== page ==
At one point during Boston’s 121-108 season-saving win over Miami, Brad Stevens was in the huddle with his players and alerted them to how they were playing Celtics basketball - something he had not seen much of during this Eastern Conference finals series with the Miami Heat.
There’s no question that Stevens’ players were much closer to being the best version of themselves on Friday night.
But just like he and his players have taken their share of heat - pun totally intended - of late because of their struggles, Stevens has every reason to take a victory lap following Game 5.
Because this was the rare game in this series where it felt Stevens was coaching in the moment, a moment that Boston had to absolutely find a way to win just to keep their season on life support for another day or two.
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Stevens tried some new and not-so-new things all game long, positioning the Celtics for what was a must-win kind of game.
The first notable move he made was putting Enes Kanter into the game early, in place of Daniel Theis.
Kanter is one of the best offensive rebounders in the NBA, and it didn’t take him long to remind us all of this fact.
The 6-foot-10 Kanter quickly got on the scoreboard with buckets at the rim.
And with the Celtics opening the game by missing 10 of their first 11 shots, Kanter’s early entry into the game and points that soon followed, allowed Boston to avoid sinking into the basketball abyss of a season coming to a sooner-than-expected ending.
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The way Kanter was playing, Stevens would have had every right to keep riding him out instead of turning to Daniel Theis who has had a whole world of problems in this series dealing with All-Star big man Bam Adebayo.
But Stevens’ instincts told him to ride out Theis to start the second half, a move that may very well have saved Boston’s season.
Theis, much like the Celtics, got stronger as Game 5 wore on before he finished with a double-double of 15 points and 13 rebounds.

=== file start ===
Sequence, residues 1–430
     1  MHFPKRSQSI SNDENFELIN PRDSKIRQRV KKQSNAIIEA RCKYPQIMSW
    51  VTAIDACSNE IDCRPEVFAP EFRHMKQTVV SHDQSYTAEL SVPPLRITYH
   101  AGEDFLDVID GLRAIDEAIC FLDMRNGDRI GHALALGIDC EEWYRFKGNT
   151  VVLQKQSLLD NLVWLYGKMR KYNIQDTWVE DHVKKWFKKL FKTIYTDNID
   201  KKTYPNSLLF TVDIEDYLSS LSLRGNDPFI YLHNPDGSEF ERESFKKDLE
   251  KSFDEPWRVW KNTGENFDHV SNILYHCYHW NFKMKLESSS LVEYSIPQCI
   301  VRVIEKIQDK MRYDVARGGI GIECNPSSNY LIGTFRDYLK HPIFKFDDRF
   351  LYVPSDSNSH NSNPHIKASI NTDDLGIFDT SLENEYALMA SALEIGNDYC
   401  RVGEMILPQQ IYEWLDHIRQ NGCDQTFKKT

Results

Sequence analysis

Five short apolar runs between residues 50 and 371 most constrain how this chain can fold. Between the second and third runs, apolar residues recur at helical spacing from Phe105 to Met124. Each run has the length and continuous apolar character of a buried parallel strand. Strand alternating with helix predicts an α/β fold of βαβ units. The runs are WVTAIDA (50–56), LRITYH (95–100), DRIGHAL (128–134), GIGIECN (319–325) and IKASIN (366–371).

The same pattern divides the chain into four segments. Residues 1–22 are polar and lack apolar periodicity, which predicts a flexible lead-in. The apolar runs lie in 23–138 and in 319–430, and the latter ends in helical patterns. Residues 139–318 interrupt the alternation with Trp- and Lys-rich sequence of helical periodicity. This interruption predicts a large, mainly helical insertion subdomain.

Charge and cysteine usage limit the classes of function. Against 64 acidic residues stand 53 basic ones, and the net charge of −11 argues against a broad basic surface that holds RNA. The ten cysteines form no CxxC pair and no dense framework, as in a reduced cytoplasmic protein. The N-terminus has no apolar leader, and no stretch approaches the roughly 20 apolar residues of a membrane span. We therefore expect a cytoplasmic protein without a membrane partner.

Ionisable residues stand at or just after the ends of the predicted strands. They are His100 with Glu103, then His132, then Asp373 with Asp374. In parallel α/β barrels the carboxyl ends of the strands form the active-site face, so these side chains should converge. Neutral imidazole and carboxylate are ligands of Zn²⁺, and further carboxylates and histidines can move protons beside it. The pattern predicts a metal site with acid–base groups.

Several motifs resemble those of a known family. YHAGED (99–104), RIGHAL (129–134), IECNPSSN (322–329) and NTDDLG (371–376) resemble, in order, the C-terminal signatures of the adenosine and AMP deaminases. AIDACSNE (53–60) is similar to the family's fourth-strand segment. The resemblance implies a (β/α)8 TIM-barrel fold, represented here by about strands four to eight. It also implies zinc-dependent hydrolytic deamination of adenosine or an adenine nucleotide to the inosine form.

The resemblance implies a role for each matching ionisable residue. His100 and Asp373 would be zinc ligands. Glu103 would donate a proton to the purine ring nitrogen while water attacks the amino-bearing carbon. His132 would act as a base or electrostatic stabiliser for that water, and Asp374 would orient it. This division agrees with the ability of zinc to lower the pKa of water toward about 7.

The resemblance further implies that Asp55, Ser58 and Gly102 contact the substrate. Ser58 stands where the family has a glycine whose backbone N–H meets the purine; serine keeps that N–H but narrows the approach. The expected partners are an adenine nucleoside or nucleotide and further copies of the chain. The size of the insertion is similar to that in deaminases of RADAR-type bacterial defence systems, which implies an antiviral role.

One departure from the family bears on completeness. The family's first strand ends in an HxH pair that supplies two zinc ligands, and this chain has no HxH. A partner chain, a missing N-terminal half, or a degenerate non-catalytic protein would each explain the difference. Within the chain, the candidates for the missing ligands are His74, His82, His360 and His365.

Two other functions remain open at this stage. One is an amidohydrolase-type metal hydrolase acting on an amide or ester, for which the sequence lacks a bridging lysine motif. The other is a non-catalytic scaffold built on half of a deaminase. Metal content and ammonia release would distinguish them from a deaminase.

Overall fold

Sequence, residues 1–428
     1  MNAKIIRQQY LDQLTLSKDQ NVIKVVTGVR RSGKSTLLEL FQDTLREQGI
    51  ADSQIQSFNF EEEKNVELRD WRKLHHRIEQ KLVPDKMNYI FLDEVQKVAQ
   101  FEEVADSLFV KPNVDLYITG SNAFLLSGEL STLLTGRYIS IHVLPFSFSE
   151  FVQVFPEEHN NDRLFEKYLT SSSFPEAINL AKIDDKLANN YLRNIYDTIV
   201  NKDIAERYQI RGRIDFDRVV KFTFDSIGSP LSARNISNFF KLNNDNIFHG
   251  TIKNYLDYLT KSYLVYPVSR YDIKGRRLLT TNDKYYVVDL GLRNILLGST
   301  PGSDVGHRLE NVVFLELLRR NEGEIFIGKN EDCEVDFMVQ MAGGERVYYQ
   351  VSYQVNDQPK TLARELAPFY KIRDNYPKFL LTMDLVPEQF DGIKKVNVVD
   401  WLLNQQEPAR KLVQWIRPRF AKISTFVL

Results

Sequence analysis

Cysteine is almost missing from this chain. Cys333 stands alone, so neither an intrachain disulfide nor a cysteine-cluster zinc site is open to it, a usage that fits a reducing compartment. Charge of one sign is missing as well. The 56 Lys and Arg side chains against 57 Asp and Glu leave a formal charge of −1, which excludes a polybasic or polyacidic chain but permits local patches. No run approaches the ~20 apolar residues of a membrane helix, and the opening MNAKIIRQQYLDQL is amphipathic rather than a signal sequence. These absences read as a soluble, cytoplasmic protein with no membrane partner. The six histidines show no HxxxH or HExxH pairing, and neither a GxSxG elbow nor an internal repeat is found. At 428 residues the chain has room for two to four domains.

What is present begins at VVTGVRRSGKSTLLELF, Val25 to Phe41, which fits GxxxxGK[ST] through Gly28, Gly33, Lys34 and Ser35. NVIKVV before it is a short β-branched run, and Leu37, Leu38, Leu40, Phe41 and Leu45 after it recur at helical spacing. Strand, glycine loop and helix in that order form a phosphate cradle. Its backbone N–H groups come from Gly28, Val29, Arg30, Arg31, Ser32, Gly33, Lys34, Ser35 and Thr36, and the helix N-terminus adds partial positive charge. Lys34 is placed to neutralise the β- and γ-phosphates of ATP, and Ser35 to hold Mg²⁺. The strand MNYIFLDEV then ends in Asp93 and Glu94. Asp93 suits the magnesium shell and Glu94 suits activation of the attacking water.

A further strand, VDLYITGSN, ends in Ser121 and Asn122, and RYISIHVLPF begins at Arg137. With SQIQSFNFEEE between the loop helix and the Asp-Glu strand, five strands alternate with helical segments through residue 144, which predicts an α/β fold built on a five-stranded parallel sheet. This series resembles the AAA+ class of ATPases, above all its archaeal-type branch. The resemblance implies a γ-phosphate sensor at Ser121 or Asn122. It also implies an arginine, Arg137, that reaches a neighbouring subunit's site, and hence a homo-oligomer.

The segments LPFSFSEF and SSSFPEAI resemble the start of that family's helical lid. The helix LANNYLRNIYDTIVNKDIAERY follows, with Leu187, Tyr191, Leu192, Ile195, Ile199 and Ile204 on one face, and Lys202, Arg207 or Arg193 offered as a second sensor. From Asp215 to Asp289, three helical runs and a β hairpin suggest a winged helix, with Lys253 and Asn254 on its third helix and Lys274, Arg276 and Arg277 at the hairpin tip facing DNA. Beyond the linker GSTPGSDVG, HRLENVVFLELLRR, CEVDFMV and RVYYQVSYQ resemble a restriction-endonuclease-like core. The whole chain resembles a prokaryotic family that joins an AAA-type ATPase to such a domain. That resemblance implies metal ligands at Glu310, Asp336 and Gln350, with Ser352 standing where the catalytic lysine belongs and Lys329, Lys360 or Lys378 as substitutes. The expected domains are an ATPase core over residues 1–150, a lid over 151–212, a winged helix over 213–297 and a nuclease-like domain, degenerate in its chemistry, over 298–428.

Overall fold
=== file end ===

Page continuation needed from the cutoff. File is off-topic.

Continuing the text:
“I just wanted to be myself, especially on the defensive end,” Theis said.
Indeed, Theis’ impact was felt on both ends of the floor for Boston.
“He started the game with good energy defensively,” Stevens said. “I thought he was one of our bright spots early. But then I thought in the second half he was excellent. We need him to provide what he provides. He was great in the middle of the zone. He caught it twice and scored. He was great there on the glass on both ends.”
But the play of Theis was just one of the many Celtics whose performance was aided in large part by Stevens’ ability to put him in the right spot at the right time.
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In the second half, we saw the Celtics run a lot more pick-and-roll action with Kemba Walker that often created a 3-point scoring opportunity for Walker who would finish the game with 21 points.
The game plan for sticking closer to Tyler Herro also worked.
He torched Boston for 37 points in Game 4, but was limited to just 14 in Game 5 with most of his scoring coming when the game was all but in hand for Boston.
Boston also made a point of punishing them on the boards (Boston won that battle 50-38).
Because Boston was getting a ton of boards, that allowed them to get out in transition quickly which led to a lot of easy baskets as Boston outscored the Heat 17-6 in fast-break points.
And of all that Boston did well, nothing was more important to their success than limiting Jimmy Butler down the stretch.
One of the most clutch players in the postseason, the Celtics kept Miami’s best late-game threat from making a single basket despite Butler playing all 12 minutes of the fourth.
He would finish the game with a near triple-double of 17 points, eight rebounds, and eight assists.
But Butler had just one point in the fourth, a clear indicator of just how good Boston’s defense was down the stretch in what was a must-win game.
Now comes the real challenge … doing it well enough to get a win that’ll force a winner-take-all Game 7.